Wednesday 12 May 2021
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The Oscar Pistorius Trial of the Century

Judge Chris Greenland

Once again the world’s eyes are turned on South Africa in awe, bemusement and fascination as the wheel of justice in this trial slowly grinds to a conclusion that seems too long in its coming. It seems eons ago that we woke to the shocking news that Oscar Pistorius had taken the life of Reeva Steenkamp, a stunningly beautiful young woman on the brink of taking the world by storm. Pistorius is no ordinary human. His is a story of the almost legendary surmounting of really bad odds. As a toddler, he suffered amputation of both his legs and, at age 15, he lost his dear mother, who was acting as a single parent. He has never had a meaningful relationship with his father. Despite fate dealing him such bad cards, with incredible grit, determination, application and resilience, he rose to become the first double amputee to be pitted against able-bodied athletes in the ultimate arena of human competition. His is perhaps an unmatchable story of the indomitable human spirit that reposes in man and becomes gloriously manifest when severely challenged. The sight of Oscar winging along the track on his stumps, at the Olympics, beating able-bodied athletes, excited and thrilled one’s senses in a way that was indescribable and will certainly never be forgotten. Oscar was not disabled. He was bionic man, an icon. It was the stuff of fables.

So when the awful news broke that fateful morning, we were left stunned – numbed to the very core. Those feelings then simmered and bubbled along, as the subsequent trial was played out on Carte Blanche’s TV international coverage. Media experts produced daily graphs to prove that the whole world was gripped by the trial at unprecedented levels that exceeded the interest in the OJ Simpson trial by some way indeed. The facts were simple enough. Oscar admitted that he had fired four shots at Reeva from close range, killing her outright. What then seemingly confused, bemused and tripped up, even the court itself in the end, was that the shots had been fired through the closed door of a toilet in which Oscar claimed he believed there were intruders. There was much shedding of tears and vomiting/retching by Oscar in serving up this explanation for the killing.

In the end the world was once again stunned and somewhat numbed when the court made the incredible finding that Oscar had not intended to kill, and had not foreseen that he might kill, but was only guilty of unlawfully killing by mistake, as so many drivers do in their cars when they are momentarily inadvertent. So the verdict was culpable homicide, not murder. He was sentenced to a mere five years imprisonment of which he was to serve just ten months. The world was stunned. The verdict and sentence were wrong. Justice had not been done and seen to be done.

But why?
The reason was simple, that is,. human error. The court, comprising a Judge sitting with two admitted Advocates, made a simple mistake in concluding that when Oscar fired those four shots through that door “he did not foresee that he might kill”, because he did not know that it was Reeva behind the door, even though the law clearly makes the identity of the victim irrelevant. In my view, with respect, this error compounded another error in which all members of the court were complicit. The court had agreed that the test to be applied was whether or not Oscar had “foreseen that he might kill” (dolus eventualis) instead of “was there intention to kill when he fired” (dolus directus). With respect, the door confused everybody. Had the door not been there everyone would have understood that intention, not foreseeability was the issue. The door made no difference in that Oscar knew that the bullets would go through and find his human target. Had he fired above head height in order to only frighten the imagined intruders, then the question would have been “did he not foresee that, in that confined space of a toilet, the bullets would ricochet and kill?” – that is dolus eventualis. When you fire straight at another being it is always a matter of intention, that is, dolus directus. The Supreme Court of Appeal corrected the verdict to murder finding that he did indeed foresee death, sending the matter back to the trial court for sentence afresh. By this time Oscar had served the ten (10) months.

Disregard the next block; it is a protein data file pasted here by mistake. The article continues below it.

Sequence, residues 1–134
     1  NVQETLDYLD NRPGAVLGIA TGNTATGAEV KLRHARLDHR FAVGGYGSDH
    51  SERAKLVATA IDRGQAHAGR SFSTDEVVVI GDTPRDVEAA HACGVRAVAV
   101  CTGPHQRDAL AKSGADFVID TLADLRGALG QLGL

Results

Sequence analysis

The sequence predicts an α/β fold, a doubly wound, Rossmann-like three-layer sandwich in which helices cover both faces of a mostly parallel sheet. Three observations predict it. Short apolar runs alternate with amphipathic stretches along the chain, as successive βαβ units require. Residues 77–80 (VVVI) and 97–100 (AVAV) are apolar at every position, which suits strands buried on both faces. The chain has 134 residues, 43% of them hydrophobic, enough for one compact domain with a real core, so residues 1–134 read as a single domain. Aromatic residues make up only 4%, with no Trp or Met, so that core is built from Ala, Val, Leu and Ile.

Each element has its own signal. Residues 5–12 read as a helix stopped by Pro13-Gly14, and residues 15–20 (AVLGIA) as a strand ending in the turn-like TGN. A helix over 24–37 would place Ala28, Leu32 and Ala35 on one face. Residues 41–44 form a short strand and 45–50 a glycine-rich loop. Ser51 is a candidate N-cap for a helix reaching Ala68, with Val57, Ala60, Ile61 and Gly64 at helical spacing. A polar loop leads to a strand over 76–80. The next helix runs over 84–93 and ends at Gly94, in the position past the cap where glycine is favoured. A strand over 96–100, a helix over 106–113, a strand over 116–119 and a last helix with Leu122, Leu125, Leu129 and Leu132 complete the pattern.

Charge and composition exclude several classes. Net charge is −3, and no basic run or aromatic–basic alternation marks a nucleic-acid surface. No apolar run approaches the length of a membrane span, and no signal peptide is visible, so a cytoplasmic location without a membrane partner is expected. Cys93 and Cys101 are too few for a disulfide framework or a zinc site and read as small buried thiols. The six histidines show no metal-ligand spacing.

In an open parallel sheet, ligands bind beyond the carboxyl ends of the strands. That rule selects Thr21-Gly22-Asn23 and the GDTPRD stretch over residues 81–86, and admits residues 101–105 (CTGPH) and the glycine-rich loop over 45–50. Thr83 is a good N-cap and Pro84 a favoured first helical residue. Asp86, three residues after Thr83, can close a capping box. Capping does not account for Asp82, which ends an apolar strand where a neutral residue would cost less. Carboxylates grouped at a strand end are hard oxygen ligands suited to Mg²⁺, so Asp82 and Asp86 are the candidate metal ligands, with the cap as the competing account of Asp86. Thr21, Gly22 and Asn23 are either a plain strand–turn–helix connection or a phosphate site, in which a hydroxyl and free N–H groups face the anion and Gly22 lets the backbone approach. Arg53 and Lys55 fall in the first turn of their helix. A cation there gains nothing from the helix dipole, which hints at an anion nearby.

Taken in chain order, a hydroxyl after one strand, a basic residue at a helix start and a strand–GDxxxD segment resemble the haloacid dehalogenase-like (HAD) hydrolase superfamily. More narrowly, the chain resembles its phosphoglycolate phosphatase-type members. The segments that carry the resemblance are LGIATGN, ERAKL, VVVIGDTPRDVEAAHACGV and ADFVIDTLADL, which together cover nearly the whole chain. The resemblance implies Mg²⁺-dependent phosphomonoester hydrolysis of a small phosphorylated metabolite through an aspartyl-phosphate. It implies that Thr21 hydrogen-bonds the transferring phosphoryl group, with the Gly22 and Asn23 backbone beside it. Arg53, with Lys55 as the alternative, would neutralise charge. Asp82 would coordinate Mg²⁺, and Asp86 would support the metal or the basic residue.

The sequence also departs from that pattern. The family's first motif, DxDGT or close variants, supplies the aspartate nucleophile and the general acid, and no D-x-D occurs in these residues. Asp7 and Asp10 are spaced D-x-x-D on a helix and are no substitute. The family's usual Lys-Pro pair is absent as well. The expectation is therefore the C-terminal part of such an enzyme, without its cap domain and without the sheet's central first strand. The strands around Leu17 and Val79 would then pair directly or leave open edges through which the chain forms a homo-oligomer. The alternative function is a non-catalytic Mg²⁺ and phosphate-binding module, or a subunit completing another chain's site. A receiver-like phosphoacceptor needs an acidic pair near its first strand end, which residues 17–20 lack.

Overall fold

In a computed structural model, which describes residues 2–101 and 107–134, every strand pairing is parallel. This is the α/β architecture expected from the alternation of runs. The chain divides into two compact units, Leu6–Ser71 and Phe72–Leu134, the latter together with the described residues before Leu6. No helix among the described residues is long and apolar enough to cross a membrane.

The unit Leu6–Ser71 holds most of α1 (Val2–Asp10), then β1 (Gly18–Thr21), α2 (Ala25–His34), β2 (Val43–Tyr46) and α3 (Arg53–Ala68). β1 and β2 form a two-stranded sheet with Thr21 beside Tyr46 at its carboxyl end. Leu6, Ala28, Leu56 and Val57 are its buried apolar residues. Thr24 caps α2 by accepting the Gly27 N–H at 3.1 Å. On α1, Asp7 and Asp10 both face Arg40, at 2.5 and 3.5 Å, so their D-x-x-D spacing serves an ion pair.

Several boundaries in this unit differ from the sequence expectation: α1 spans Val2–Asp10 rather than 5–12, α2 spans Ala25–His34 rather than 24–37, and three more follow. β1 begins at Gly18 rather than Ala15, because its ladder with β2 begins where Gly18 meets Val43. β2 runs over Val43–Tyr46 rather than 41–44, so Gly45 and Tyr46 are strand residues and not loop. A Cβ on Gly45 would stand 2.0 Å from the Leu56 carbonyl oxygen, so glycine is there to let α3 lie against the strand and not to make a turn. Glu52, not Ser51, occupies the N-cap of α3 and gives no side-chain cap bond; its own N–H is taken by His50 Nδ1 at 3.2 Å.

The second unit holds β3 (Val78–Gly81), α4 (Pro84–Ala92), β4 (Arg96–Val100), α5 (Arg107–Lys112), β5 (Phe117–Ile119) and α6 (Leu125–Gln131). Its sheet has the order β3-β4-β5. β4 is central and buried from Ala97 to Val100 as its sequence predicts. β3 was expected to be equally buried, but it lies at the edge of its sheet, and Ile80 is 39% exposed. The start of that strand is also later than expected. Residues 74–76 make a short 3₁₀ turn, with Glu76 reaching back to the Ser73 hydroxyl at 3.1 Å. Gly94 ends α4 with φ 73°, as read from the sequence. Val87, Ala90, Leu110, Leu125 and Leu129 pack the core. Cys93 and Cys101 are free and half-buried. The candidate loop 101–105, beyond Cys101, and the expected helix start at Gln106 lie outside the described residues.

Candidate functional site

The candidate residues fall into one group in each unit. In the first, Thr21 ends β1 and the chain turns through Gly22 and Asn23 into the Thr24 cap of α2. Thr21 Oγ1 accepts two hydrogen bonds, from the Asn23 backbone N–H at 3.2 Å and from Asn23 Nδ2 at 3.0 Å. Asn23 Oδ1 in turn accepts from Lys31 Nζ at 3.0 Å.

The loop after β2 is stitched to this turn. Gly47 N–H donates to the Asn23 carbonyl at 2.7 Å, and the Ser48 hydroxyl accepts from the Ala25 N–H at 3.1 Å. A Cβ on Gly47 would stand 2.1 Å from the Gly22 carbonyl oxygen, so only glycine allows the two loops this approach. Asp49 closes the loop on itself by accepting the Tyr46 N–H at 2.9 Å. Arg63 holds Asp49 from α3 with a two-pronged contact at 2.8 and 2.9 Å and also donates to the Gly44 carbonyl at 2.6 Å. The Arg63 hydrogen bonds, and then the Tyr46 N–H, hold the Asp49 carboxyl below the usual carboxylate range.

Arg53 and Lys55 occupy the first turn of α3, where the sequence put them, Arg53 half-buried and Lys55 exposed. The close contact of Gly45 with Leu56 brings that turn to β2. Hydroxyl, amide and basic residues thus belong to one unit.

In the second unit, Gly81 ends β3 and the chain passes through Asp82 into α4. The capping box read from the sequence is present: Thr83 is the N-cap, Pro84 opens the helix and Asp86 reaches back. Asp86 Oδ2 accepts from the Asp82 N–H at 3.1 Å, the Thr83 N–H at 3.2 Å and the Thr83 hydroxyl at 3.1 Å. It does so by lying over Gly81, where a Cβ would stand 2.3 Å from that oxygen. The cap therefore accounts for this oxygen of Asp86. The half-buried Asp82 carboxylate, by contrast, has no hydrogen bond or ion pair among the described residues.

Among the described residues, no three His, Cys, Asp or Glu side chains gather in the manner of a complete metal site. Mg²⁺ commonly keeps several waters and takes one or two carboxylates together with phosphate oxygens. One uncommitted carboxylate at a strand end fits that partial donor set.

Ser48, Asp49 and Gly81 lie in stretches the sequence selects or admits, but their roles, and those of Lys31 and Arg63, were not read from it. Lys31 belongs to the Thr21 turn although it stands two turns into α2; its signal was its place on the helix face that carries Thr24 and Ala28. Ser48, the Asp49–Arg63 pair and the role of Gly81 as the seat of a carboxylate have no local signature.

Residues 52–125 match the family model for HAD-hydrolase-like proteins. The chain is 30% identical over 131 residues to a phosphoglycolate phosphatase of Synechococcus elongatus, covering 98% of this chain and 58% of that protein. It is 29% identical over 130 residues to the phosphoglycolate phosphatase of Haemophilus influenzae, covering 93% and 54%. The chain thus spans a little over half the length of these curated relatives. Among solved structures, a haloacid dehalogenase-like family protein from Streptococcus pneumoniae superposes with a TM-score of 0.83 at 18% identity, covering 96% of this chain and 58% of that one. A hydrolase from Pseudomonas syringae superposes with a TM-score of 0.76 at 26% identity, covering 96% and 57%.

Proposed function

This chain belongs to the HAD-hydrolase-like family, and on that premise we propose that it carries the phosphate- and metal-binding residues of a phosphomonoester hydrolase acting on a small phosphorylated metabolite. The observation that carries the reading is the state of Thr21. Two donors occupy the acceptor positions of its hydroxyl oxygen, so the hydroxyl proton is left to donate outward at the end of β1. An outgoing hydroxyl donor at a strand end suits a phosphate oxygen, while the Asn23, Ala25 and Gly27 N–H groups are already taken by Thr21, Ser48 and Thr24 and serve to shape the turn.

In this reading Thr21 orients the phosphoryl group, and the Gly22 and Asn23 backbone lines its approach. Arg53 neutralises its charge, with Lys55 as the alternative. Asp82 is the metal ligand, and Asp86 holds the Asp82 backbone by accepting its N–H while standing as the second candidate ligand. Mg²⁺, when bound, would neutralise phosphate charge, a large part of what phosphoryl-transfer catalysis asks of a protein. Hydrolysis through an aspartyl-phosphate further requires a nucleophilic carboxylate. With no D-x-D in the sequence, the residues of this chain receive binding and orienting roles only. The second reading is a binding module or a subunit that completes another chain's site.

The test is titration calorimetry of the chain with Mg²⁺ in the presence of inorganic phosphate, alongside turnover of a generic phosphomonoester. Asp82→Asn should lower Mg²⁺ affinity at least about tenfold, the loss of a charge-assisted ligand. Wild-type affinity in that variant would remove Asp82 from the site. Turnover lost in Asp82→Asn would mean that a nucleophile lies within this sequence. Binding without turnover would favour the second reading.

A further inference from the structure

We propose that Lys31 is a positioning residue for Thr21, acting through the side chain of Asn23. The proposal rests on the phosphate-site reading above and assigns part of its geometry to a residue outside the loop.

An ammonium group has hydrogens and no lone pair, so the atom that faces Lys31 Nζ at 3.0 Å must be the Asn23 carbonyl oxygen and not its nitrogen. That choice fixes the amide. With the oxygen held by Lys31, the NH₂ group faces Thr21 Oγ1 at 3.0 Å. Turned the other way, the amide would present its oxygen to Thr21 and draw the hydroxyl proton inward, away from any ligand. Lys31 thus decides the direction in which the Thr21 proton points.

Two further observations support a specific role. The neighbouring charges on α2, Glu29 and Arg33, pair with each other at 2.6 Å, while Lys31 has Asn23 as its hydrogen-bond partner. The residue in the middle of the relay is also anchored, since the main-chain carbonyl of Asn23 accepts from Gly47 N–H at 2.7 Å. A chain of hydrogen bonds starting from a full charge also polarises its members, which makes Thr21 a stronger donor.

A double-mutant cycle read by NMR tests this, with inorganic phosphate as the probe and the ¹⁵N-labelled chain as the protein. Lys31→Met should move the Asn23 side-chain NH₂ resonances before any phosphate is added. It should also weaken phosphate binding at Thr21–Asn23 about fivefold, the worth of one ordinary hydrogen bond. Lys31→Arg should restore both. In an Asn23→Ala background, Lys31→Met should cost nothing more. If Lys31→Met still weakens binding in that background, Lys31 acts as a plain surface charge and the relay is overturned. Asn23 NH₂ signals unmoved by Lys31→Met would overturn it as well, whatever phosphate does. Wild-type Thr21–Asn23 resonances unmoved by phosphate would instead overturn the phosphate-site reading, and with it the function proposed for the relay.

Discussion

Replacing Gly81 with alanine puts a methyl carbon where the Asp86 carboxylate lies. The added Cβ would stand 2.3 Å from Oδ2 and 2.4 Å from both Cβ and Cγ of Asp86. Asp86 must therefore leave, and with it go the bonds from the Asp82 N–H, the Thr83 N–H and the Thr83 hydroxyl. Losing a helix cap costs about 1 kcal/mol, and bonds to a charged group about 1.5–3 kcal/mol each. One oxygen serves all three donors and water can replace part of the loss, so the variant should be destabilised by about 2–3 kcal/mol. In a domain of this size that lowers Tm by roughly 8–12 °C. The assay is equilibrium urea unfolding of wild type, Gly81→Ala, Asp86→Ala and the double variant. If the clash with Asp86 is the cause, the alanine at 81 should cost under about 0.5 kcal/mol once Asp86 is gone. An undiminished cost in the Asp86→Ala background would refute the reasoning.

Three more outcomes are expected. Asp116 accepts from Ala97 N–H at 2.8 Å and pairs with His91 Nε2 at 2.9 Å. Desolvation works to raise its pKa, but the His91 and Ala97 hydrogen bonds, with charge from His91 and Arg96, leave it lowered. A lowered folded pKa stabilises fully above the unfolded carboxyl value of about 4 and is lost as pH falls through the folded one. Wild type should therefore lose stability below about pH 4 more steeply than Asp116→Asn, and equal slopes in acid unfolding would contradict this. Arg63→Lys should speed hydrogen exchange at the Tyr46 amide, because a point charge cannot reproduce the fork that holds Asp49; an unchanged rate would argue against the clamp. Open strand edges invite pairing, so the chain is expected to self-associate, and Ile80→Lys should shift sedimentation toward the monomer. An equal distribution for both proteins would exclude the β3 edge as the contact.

What will Judge Masipa do?
The law stipulates a minimum sentence of 15 years for murder, unless there are compelling circumstances justifying a lesser sentence. The State contends that there are no such circumstances and that minimum of 15 years must be imposed. The Defence contends that there are compelling circumstances, and that he should be sentenced to community service. The Defence has led the evidence of a clinical psychologist that Oscar deserves to be seen as a special case because of all the suffering he has endured, and is enduring as a human being, and the potential he has to do good if given a chance. State Counsel, Nel, has attacked the evidence of this witness in order to show bias and, especially that Oscar has never shown true remorse for the killing. Nel has also led the evidence of Reeva’s father, Barry Steenkamp, and Reeva’s cousin Kim Martin, to bring home to the Court the enormity of Oscar’s action in its effects. The wheel of justice is making its final turn. Will it stop as a wheel of fortune or roulette wheel does? If that is the case, justice will have been betrayed, as it can never be a matter of pure chance.
Justice will only have been done if, when the wheel stops, humanity feels a solemn exaltation that justice has been done and seen to be done.

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